How alternative data can help BNPL lenders with risk evaluation

  • With so many consumers missing payments and a surge in late fees, what does the BNPL space need to implement in order to improve decision-making and risk evaluation?
  • Going forward, lenders will need to overcome a variety of challenges concerning both their customer base and repayment risks while continuing to provide real-time loan approvals.

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How alternative data can help BNPL lenders with risk evaluation

Buy Now, Pay Later gained ground in recent years as an alternative form of credit for online retail purchases. However, amidst the continuing popularity of BNPL loans, late fees are becoming more common. Nearly 11% of users were charged at least one late fee in 2021, up from 8% in 2020, according to a Consumer Financial Protection Bureau report.

Additionally, new filings in a LendingTree survey also show that missed payments are on the rise at BNPL firms, with nearly 42% of BNPL consumers having made a late payment on their loan.

The advertising of BNPL loans can make them appear to be a zero-risk credit option, but these statistics indicate that many unqualified borrowers are overextending themselves by taking on this additional debt.

“Late and missed payment policies vary between lenders and the BNPL loan structure. Several BNPL firms offer automated debit payments from checking accounts which could lead to overdrafts or non-sufficient funds fees. In this way, BNPL offerings may help consumers purchase goods and services without incurring credit card debt or having to pay interest, but may still lead to negative financial outcomes if payments are not made,” said Joel Rickman, Senior Vice President of Verification Services at Equifax.

An analysis by Equifax shows that BNPL customers tend to have lower credit scores, incomes, and assets, and they are more likely to be debt-laden than an average consumer. Especially risky are customers who use credit cards or other forms of credit to pay their BNPL loans, effectively stacking one form of debt onto another.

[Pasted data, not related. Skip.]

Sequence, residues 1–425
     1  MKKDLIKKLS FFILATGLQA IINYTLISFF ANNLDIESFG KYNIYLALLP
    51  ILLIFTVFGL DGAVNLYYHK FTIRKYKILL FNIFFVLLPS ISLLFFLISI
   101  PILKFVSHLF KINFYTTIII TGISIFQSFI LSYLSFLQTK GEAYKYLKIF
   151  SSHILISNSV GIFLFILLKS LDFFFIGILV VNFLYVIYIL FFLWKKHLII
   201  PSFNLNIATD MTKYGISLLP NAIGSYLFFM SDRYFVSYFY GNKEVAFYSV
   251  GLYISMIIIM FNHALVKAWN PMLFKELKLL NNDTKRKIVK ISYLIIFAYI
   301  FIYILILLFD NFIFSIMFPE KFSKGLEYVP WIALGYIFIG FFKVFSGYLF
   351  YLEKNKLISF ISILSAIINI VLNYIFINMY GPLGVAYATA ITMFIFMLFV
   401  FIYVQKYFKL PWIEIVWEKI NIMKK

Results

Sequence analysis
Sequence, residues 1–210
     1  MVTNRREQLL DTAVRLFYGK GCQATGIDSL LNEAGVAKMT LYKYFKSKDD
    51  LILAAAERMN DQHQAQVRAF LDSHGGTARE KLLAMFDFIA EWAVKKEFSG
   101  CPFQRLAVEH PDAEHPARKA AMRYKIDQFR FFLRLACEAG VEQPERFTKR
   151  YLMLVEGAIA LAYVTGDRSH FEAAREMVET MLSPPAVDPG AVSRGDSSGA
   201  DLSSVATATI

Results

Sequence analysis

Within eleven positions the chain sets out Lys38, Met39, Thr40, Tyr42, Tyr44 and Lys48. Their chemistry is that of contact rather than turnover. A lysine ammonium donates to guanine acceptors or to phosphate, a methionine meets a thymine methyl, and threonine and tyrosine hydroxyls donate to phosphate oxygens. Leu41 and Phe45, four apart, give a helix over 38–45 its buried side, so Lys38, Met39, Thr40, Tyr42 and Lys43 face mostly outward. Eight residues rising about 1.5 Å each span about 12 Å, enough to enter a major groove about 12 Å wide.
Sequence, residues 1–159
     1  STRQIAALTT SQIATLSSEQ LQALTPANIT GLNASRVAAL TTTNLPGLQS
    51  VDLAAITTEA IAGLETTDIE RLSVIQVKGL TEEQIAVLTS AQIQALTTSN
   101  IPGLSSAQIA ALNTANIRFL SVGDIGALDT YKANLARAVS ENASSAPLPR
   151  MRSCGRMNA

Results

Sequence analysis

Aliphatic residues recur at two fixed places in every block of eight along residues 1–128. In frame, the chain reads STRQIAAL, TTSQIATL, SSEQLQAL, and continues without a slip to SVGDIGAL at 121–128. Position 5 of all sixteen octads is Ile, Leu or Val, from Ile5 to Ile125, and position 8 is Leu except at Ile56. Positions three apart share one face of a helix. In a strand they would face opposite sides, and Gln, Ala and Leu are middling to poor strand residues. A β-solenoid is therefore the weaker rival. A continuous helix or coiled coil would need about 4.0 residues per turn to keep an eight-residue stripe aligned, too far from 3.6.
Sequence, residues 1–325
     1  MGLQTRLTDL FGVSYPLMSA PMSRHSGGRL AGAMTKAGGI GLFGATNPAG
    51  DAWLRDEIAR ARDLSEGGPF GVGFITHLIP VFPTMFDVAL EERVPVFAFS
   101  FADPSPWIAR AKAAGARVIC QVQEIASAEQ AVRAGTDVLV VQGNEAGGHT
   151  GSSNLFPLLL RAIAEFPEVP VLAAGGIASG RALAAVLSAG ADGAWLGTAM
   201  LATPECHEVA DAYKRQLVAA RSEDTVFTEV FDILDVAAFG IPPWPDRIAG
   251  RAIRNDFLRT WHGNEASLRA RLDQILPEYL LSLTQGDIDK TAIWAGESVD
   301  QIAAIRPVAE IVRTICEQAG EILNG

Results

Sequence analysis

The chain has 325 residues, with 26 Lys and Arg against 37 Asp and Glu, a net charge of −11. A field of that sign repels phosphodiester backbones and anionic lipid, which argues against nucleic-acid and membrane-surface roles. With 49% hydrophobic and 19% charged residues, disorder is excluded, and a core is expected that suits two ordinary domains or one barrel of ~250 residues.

Compared to credit cards, BNPL is a fairly new space – risk models may vary between lenders as the space gains more traction. They’re not all interest-free, their payment schedules can differ, and they lack some of the protections that come with credit cards. 

All things considered, regulatory bodies are starting to take notice of the growing number of BNPL users and examining consumer indebtedness and other BNPL-related issues with more scrutiny.

The CFPB opened an inquiry into BNPL late last year, signaling the likelihood of increased regulatory actions. Growing competition and new regulations likely taking shape may pose additional challenges for BNPL firms going forward.

But with so many consumers missing payments and a surge in late fees, what does the BNPL space need to implement in order to improve decision-making and risk evaluation?

In the current climate of inflation, rising interest rates, and overall economic uncertainty, BNPL lenders can deter the risk of late payments or loan defaulting by implementing alternative data in the decision-making process, according to Rickman.